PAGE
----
|“||Sir, orders are "Do not return to Earth."||„|
|~ AUTO to Captain B. McCrea|
|“||Give me the plant.||„|
|“||(Captain: Auto, You are relieved of duty!) (turns AUTO off) NOOOOO...||„|
|~ AUTO's last word.|
AUTOPILOT, or AUTO for short, is the main antagonist of Pixar's 9th full-length animated feature film WALL-E.
He is the wheel of the space station Axiom and tries to prevent the Axiom and the hundreds of people living on it from returning to Earth.
AUTO's voice was provided by speech synthesis program MacInTalk.
The Axiom, designed some point after the year 2100, was originally supposed to carry people into space for a five year cruise while hundreds of WALL-E robots would clean up all the trash and pollution on Earth. However, Operation Cleanup, as it was dubbed, failed as all but one WALL-E unit (the film's protagonist) broke down, and the living conditions on Earth became impossible. The Autopilot of the Axiom receives a message to never return to Earth, 700 years before the movie starts. No one else aboard the Axiom hears this message. Therefore, every few years, an EVE probe is sent to Earth in search of plant life that would suggest that life on Earth was sustainable.
WALL-EIn the movie, WALL-E and EVE (the film's protagonist and deutagonist) find a plant specimen, and EVE is taken back to the Axiom with WALL-E in tow. However, AUTO, who is aware of this immediately, sends another smaller probe, called GO-4 (Gopher), his henchman, to take the plant and destroy it. WALL-E and EVE manage to retrieve the plant from an escape pod that was about to self-destruct (with WALL-E still inside), and they deliver it to the Captain of the Axiom, who desperately wants to return to Earth. However, GO-4 throws the plant into the trash chute. WALL-E, who was climbing up the chute, manages to save the plant. GO-4 traps EVE, while AUTO electrocutes WALL-E, nearly destroying him. WALL-E falls back into the garbage chute. AUTO shuts EVE down, and throws her into the garbage chute as well. AUTO mutinies against the Captain, confining him to his room.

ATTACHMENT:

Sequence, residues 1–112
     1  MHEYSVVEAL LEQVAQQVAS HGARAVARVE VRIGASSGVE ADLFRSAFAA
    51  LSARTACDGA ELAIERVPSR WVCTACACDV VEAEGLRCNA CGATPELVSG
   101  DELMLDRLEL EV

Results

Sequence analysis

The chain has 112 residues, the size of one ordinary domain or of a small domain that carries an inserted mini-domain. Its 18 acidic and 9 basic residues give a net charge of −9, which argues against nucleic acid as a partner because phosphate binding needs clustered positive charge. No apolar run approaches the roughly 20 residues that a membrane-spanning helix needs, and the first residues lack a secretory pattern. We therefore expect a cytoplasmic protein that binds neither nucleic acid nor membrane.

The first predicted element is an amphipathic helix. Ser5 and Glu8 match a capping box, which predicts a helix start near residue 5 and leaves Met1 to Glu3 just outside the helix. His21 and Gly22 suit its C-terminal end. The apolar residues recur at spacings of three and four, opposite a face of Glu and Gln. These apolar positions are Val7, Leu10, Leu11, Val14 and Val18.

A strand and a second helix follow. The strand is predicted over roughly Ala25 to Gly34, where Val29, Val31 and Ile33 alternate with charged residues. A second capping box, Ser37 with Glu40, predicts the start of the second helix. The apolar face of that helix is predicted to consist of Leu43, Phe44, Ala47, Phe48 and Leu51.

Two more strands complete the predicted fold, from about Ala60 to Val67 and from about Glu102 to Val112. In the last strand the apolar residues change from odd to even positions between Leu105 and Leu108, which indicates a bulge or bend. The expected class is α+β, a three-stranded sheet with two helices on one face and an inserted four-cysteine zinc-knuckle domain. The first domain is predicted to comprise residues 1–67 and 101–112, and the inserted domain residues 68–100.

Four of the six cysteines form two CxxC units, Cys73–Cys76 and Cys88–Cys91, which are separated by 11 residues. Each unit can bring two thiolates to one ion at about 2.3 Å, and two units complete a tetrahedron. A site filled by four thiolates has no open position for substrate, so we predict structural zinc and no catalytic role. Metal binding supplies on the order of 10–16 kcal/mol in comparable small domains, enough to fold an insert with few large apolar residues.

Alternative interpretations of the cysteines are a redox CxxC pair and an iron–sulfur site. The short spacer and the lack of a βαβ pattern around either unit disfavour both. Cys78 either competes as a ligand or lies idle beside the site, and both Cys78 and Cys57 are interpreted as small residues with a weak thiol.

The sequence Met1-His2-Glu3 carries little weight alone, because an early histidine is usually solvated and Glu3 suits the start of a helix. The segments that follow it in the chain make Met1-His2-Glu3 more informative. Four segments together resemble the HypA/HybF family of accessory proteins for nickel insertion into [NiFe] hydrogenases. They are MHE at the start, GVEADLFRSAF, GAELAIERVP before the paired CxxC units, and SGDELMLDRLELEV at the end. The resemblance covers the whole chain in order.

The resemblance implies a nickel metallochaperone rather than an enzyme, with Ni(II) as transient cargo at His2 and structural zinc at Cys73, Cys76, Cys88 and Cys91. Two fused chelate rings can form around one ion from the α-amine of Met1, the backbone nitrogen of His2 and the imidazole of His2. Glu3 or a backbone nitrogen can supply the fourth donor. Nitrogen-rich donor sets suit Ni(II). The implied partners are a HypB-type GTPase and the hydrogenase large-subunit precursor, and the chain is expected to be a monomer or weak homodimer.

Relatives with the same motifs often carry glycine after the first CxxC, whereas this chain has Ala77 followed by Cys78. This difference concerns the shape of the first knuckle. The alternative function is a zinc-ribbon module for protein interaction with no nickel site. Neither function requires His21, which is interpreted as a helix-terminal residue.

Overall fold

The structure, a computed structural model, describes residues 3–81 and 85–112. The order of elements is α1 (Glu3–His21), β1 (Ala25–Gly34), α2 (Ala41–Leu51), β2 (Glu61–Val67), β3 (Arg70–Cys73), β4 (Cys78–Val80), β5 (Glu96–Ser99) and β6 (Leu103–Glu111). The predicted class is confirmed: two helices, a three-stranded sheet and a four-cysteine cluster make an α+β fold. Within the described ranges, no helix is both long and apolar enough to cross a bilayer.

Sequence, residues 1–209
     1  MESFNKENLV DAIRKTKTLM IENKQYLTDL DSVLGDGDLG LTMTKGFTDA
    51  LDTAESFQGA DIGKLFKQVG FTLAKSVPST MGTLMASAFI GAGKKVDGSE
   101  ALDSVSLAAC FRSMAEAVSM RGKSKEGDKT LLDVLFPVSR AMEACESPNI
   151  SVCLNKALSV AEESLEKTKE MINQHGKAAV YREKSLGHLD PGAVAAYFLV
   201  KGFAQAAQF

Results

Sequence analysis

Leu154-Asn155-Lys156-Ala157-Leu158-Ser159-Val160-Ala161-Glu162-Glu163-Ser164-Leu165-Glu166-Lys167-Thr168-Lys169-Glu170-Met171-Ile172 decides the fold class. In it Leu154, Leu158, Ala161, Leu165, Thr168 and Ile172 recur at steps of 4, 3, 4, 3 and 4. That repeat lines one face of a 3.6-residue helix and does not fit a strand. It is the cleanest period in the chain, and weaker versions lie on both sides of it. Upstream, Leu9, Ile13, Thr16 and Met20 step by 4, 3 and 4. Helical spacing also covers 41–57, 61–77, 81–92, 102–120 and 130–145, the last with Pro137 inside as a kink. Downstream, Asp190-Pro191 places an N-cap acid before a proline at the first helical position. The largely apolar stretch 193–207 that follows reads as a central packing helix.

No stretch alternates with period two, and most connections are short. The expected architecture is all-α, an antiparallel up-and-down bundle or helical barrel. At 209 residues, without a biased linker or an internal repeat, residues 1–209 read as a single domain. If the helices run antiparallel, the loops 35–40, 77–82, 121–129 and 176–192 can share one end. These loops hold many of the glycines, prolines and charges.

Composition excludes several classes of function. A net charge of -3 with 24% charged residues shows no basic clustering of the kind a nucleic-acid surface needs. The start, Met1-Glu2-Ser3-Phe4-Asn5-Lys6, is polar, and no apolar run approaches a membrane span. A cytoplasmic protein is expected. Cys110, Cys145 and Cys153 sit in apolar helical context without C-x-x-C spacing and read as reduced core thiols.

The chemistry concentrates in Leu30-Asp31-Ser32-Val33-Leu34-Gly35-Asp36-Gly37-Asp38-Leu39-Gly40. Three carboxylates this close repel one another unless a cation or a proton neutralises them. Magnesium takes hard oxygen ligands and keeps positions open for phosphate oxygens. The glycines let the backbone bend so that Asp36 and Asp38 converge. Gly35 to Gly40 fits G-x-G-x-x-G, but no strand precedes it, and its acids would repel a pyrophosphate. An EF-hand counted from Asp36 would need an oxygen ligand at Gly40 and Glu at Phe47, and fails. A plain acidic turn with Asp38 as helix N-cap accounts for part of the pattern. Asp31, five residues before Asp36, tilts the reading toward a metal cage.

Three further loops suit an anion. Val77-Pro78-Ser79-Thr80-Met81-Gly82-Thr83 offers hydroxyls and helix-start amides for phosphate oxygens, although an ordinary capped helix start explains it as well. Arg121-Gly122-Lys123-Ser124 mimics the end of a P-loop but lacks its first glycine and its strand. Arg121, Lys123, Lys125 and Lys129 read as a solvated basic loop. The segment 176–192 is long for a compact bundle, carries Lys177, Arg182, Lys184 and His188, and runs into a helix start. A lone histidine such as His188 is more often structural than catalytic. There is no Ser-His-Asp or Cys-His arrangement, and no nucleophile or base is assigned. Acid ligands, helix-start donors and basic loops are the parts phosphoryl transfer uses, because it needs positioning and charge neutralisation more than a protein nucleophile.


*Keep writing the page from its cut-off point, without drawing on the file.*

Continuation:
EVE manages to reboot, and saves WALL-E, who is in critical condition. WALL-E, who has the plant, gives it to EVE, who realizes that if they can get it to the ship's Holo-detector, they can return to Earth and save WALL-E. EVE, holding a nearly destroyed WALL-E, points her blaster at a security robot, who takes a photo and broadcasts it around the Axiom. The Captain, who sees this, realizes there is still hope after all. AUTO sees it too and sends an entire brigade of security robots to stop EVE and WALL-E. The Captain broadcasts a message to EVE and WALL-E, and tells them where the Holo-detector is. AUTO cuts off the message, and they are confronted by a whole group of security robots. With the help of a group of malfunctioned robots that WALL-E saved earlier in the film, they manage to destroy the brigade of security robots.
Meanwhile, the Captain manages to trick AUTO into coming down into his room. The Captain grabs onto AUTO, who pulls him up into the Command Deck while trying to get him off. In the fray, the Captain manages to activate the Holo-detector. EVE flies towards it, but AUTO, being a wheel, spins and throws the Captain off, tilting the entire Axiom to the side. AUTO then turns the Holo-detector off. As it sinks back into the floor, WALL-E holds up the Holo-detector, while EVE holds back a huge metal plate that would have crushed several people to death because the Axiom was tilted. AUTO electrocutes the button that turns off the Holo-detector, causing it to slam down and crush WALL-E. The Captain, seeing this, gets to his feet (The first human to stand in 700 years, because technology has advanced that far), and battles AUTO. The Captain manages to avoid AUTO's electrocution prong, hoists himself up, and switches AUTO's autopilot function into manual. The Captain straightens out the Axiom, EVE manages to slip the plant in the Holo-detector before it completely crushes WALL-E, and the Axiom jumps into hyperdrive and lands on Earth. EVE manages to fix WALL-E, and the two live happily together. It is unknown what happen to AUTO afterward, It is likely AUTO remained deactivated forever.